A lot of people today, in their pursuit of success and wealth, have forgotten or disregarded key personality traits that actually would have helped them achieve both.
Probably the most severely lacking? Humility.
Both those seeking wealth and those who already have it have, for the large part, forgotten about the importance of humility entirely. Just think of people flashing their Lamborghini’s and giant houses on Instagram or Facebook. What they’re prioritizing implicitly or otherwise is the appearance of success, suggesting they care only about what other people think of them.
What they neglect in the process are the concerns, problems, or trials of other people.
This is a mistake. The truth is, humility — and, more specifically, humble power — can get you so much farther than flaunting.
Humble power can forge deeper relationships with fans, customers, and friends.
It fosters respect.
When you go out into the world showcasing humble power — which is a confidence tempered by an appreciation for the continuing struggle of other people — what you’re expressing is that you know you’ve earned your success, but at the same time, you’re not blind. You’re not blind to how other people feel and that they’re still struggling and grinding. And you’re not blind to the fact that you could lose your power if you’re not careful.
To be so confident without that kind of awareness and humility is to be arrogant. And to be arrogant is to make other people resent you. That’s not something you ever want to do. The type of friendships and fanships that will help you sustain your success are those founded upon genuine love and respect. Not resentment.
This is something I was reminded of recently after purchasing my dream house. It’s a beautiful house, built over the course of three years with money I worked hard for. I’m proud of it. But I was hesitant to post a picture of it on my Instagram because I didn’t want my readers and listeners and friends to think I was just being conceited.
So, I decided to temper the post with a caption detailing my story up to that point — how I used to drive by houses like this with just a few dollars in my pocket, wondering if I’d ever get to the point where I could afford my own, let alone one so grand and new. I spoke of the envy I used to feel for people who’d already made it, how I’d sit on my bed in the trailer park I used to live in praying that I’d be like them one day. I talked about the importance of persistence through doubt and pain. I sought to uplift so that my fans and followers could feel like they were sharing my success with me, as opposed to witnessing it from the other side of steel gates.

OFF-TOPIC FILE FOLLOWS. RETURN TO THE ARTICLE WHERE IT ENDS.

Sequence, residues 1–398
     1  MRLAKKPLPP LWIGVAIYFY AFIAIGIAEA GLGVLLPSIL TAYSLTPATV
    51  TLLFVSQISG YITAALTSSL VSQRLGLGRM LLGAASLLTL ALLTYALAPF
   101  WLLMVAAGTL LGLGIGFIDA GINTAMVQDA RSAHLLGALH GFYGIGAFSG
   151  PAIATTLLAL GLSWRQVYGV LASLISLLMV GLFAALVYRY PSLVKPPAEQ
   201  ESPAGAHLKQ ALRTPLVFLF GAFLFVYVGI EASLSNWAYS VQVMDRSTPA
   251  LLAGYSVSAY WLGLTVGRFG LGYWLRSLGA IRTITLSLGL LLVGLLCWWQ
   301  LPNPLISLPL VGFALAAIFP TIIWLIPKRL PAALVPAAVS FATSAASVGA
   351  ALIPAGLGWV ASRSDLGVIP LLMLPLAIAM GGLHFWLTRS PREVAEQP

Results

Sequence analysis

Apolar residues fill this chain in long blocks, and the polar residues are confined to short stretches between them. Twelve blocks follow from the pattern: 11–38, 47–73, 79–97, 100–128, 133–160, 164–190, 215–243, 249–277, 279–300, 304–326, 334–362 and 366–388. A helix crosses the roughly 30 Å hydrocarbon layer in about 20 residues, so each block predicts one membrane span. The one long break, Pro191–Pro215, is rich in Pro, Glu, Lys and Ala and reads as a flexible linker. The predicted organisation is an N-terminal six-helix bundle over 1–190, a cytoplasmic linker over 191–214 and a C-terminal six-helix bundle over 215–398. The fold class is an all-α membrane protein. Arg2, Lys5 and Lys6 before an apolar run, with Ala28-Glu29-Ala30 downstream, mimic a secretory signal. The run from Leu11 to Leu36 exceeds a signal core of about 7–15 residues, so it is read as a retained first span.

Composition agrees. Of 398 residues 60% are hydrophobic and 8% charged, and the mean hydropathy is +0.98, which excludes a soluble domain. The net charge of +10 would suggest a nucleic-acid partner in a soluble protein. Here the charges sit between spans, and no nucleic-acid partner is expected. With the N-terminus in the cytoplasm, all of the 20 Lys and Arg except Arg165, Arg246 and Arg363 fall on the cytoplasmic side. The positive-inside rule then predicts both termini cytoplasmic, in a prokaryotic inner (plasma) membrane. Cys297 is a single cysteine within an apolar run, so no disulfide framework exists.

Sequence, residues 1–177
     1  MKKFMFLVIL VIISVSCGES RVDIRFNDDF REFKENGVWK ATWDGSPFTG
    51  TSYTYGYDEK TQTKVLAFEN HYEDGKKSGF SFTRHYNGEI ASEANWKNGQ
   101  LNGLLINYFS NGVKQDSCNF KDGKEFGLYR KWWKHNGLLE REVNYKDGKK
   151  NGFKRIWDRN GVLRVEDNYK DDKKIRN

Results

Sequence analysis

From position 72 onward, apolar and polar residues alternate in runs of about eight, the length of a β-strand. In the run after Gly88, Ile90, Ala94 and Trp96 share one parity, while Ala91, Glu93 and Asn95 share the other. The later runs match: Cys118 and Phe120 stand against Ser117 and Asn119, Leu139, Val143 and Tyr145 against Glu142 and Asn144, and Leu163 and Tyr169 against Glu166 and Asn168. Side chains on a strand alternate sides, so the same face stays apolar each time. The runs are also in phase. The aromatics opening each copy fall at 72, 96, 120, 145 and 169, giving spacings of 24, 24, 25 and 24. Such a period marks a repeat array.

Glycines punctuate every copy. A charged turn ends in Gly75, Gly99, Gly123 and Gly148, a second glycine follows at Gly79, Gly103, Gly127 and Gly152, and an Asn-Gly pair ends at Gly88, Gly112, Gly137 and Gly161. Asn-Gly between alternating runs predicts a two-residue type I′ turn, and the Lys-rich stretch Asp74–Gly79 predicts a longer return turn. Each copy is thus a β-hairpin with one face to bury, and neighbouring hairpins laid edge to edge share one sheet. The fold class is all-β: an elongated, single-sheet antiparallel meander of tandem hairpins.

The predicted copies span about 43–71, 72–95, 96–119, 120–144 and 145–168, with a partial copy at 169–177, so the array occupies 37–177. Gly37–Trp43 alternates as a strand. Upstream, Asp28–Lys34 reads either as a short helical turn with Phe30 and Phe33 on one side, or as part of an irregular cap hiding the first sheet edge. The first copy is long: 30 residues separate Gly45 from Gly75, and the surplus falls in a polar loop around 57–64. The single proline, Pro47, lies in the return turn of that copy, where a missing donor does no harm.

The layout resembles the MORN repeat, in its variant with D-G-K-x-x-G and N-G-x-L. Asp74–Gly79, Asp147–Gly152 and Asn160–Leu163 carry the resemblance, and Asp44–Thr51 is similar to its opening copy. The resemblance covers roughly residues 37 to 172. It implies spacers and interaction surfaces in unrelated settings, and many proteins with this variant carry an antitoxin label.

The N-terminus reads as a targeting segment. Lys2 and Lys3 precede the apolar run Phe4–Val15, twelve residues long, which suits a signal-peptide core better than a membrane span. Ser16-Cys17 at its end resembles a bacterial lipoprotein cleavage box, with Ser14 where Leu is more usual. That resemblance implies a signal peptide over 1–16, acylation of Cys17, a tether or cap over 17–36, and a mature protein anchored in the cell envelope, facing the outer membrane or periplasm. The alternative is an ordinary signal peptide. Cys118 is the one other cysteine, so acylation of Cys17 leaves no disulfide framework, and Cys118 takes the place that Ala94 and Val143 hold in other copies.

I posted the picture. It’s now my most liked and commented on post.
And that’s the product of humble power — when you’re not the guy merely bragging about the new house, but instead are the guy seeking to elevate and help everyone who’s striving for the same thing, because you know what it’s like to to be without it.
The person who most embodies humble power is Ethan Willis, who coined the term.
Ethan Willis is a father of 7, with another child on the way. He’s remarkably successful — an entrepreneur and New York Times bestselling author — who’s married to a wonderful woman. They’re both very involved in their community and are financially comfortable, to say the least. On top of all that, he has a kind of magnetic presence that I know many people would kill for. When he walks into a room, people notice.
Yet, in spite of all this, he’s not flashy. He never brags. He never forgets about the little guy or the people in his life who’ve helped him get to this point.
He’s humble, in other words, but his humility only serves to make him more impressive, more powerful.
That’s the kind of humble power which can further everyone in their journey to success.
Consider this: how can you have more humility in your life?
The question for all of us, then, should be: how can we live more like that? With quiet confidence. With humility and empathy.
Striking that balance — succeeding without ever forgetting where you came from, or how many other people out there are still struggling, still working their hands to the bone — is how you gain the sort of influence, power, and respect that lasts. It’s a kind of superpower you’ll be able to always turn to in your pursuit of additional wealth and self-improvement.
The key to maintaining it, ultimately, is not allowing your perspective to become deluded by success that’s just temporary.
Originally published on Quora.
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